Read the full story at MPR News.
About a decade ago, Minnesota Department of Health researchers began testing samples of drinking water in cities where firefighters had used fire suppression foam during training exercises, usually near airports and military bases. They wanted to know if chemicals from the firefighting foam had made it into the water supply.
One of those cities was Bemidji: Its wells are next to the airport, where firefighters had used the aqueous film-forming foam for decades.
At first, it looked as though Bemidji was in the clear. There were trace amounts of chemicals from the firefighting foam in the city’s wells, but the concentrations were within the limits of what the state health department at the time considered safe.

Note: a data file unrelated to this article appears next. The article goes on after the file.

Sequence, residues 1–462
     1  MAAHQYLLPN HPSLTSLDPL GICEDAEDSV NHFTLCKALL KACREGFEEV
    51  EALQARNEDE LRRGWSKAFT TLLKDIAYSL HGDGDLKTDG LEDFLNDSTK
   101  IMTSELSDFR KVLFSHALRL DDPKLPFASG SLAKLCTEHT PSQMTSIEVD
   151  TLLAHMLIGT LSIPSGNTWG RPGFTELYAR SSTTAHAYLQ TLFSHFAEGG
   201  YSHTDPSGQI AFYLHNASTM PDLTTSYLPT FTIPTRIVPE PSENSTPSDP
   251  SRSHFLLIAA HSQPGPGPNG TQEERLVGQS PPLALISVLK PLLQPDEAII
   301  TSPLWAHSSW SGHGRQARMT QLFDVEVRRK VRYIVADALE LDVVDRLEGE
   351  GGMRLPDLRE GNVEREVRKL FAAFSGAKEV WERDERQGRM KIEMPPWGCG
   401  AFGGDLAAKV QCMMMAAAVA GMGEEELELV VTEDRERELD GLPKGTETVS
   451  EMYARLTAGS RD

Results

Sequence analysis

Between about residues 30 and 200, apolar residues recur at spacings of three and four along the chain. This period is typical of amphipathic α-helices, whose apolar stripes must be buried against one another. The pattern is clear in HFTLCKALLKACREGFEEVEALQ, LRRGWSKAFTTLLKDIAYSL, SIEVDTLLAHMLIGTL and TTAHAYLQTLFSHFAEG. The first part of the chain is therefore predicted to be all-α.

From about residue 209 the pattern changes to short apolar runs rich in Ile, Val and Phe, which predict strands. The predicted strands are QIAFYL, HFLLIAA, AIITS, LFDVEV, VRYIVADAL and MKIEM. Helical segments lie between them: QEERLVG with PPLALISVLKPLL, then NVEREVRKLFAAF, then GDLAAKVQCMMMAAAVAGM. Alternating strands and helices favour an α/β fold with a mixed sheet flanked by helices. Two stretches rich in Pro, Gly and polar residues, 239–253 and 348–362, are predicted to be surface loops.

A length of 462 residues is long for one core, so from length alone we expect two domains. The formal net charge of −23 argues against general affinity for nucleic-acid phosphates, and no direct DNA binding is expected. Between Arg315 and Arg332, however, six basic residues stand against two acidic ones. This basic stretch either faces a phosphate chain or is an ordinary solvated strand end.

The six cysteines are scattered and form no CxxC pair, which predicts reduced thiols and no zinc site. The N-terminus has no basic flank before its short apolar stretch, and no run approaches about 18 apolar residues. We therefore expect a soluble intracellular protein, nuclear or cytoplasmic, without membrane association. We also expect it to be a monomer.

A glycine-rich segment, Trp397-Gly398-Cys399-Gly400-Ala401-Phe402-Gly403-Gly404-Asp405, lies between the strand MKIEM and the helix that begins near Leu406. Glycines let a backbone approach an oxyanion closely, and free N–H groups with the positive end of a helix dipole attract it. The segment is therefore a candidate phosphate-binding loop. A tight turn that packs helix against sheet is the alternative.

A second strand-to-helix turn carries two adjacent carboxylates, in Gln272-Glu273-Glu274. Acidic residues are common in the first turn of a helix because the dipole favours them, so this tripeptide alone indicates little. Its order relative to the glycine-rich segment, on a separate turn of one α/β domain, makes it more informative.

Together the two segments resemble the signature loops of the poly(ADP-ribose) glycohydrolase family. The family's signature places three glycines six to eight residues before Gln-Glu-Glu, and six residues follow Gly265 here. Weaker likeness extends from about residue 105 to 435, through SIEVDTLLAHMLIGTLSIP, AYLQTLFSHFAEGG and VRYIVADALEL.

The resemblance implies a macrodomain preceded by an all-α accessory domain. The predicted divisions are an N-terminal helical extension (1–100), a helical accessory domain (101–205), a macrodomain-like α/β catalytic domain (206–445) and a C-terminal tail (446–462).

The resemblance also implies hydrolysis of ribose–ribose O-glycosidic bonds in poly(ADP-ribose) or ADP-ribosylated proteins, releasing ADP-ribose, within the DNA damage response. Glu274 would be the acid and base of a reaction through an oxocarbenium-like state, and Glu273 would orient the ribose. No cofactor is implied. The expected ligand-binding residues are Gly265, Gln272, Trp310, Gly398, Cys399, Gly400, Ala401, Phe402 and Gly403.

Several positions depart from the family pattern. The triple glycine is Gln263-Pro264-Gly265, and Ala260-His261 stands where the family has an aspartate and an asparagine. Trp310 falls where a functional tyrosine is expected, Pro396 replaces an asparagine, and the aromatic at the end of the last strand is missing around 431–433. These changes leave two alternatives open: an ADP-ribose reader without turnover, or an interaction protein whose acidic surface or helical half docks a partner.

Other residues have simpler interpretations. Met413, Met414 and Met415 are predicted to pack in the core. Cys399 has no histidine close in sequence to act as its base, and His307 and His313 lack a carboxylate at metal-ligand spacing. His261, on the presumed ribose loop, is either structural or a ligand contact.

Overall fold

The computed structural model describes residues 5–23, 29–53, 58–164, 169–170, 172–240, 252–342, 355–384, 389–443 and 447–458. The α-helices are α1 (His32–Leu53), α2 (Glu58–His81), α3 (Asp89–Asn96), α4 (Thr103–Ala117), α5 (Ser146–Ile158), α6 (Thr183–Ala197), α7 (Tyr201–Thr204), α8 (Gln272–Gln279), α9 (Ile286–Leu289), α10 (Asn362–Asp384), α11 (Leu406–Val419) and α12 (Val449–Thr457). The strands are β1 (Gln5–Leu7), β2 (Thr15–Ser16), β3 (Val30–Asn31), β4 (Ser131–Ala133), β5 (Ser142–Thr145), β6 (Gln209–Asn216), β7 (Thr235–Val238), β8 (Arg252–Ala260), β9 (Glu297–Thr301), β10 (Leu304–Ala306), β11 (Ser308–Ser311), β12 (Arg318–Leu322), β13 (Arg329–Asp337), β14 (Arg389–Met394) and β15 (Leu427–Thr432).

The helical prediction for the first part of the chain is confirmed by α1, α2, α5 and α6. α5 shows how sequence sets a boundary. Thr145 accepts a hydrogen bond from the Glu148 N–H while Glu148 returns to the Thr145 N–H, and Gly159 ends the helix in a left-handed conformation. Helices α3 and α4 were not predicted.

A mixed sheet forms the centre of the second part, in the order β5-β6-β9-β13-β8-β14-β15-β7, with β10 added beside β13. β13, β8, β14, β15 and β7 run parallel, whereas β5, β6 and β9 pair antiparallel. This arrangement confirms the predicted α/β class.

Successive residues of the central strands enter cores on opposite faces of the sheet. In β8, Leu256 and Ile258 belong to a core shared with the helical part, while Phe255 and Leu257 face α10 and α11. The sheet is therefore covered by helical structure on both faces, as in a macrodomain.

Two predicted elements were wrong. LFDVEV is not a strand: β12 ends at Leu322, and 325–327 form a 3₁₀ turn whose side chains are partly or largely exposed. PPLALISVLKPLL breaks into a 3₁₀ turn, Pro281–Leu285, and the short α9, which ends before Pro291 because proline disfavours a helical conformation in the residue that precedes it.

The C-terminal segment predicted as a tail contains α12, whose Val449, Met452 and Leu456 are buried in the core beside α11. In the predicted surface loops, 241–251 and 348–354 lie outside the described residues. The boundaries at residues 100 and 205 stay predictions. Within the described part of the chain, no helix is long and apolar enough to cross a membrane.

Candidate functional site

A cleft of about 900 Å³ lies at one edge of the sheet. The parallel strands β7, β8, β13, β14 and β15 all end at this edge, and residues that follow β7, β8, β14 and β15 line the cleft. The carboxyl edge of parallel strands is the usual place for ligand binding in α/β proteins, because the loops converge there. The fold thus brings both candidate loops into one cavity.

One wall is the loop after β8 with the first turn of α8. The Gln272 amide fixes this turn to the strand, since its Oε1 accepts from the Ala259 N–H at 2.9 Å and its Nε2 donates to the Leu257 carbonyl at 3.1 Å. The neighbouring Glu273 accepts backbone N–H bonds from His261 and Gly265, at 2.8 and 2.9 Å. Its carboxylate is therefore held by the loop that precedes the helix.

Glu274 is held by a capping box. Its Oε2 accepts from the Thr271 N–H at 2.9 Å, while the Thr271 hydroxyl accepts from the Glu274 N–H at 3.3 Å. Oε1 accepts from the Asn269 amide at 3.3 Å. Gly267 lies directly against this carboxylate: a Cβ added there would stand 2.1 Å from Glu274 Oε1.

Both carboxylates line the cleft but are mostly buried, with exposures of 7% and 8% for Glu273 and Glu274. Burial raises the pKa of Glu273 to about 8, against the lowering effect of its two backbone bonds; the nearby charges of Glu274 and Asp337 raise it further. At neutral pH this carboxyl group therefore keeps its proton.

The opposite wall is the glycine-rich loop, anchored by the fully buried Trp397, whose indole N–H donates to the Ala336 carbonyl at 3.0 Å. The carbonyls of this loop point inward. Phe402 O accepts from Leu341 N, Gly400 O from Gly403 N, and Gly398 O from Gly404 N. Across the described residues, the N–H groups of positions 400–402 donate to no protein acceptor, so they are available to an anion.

Over the next few years, two things changed: Researchers got better at detecting the chemicals, broadly known as perfluoroalkyl and polyfluoroalkyl substances — or PFAS. And the level of PFAS that health officials considered safe got a lot lower.